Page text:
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Article
March 23, 1994

TB in Migrant Farmworkers

Author Affiliations

Barberton Citizens Hospital Barberton, Ohio

JAMA. 1994;271(12):905. doi:10.1001/jama.1994.03510360029025
Abstract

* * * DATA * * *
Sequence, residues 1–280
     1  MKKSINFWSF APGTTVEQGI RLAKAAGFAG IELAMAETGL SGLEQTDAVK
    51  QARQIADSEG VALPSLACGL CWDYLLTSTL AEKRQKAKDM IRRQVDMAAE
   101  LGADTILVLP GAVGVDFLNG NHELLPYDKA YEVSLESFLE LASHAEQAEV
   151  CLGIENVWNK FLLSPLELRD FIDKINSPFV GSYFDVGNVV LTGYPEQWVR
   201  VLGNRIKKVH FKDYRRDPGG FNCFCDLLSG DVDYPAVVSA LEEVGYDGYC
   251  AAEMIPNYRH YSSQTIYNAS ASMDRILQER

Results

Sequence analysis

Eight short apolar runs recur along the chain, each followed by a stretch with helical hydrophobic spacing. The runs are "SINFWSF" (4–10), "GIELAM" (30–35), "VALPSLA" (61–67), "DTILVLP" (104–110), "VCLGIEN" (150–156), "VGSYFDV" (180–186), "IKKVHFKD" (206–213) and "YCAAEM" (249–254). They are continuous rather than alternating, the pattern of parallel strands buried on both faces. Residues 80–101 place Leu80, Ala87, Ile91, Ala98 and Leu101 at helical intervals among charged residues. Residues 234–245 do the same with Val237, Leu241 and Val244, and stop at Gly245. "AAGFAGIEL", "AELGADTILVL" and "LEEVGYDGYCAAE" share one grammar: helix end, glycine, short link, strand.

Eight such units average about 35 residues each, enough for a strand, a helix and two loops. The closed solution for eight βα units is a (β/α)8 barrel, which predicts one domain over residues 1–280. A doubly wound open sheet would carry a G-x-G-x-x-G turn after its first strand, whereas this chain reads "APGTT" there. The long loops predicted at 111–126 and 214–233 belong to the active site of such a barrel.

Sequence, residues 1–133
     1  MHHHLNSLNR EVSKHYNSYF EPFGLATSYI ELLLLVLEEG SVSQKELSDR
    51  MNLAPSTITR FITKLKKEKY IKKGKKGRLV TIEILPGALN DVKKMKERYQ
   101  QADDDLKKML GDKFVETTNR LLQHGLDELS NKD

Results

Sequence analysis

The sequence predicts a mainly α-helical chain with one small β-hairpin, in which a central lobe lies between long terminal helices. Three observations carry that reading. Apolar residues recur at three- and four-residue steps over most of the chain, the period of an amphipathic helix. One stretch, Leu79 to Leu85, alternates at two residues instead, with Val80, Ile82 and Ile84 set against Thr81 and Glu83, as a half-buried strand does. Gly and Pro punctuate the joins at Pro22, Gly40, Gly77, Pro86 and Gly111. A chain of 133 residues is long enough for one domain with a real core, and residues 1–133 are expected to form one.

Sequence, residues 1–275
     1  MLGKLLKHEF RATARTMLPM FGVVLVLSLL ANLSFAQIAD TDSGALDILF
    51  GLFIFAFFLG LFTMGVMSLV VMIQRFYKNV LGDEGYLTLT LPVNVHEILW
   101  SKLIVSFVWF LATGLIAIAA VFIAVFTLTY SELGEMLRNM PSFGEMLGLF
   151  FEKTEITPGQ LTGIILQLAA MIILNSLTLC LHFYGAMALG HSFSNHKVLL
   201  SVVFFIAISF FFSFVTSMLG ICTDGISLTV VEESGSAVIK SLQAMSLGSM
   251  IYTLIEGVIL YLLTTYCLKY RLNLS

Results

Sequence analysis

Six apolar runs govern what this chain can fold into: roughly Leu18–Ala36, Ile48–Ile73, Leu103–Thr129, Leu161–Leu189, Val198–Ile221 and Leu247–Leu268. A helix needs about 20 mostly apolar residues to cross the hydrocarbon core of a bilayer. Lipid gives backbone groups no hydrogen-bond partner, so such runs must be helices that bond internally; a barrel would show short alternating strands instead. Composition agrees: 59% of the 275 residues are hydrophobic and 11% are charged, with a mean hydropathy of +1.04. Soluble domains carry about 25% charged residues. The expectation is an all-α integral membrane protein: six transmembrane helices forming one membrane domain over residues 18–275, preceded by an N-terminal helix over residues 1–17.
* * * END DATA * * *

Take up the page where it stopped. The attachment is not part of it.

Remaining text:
To the Editor.  —The Office of Migrant Health, Department of Health and Human Services, estimates there to be more than 4 million migrant and seasonal farmworkers in the United States. Among other health problems, these workers suffer a significantly higher rate of tuberculosis (TB) infection compared with the general population. This also includes a high rate of asymptomatic TB, found to be 33% in Hispanic migrant workers in one typical study.1 With a lifetime risk of 10% for developing active TB, it is understandable that this high-risk population constitutes one of the top priorities of the Advisory Council for Elimination of Tuberculosis, Department of Health and Human Services.In attempting to comply with Centers for Disease Control and Prevention recommendations for TB screening,2 our mobile migrant worker clinic in north central Ohio offered Mantoux tuberculin skin testing to farmworkers and their families from June through September 1993. Approximately

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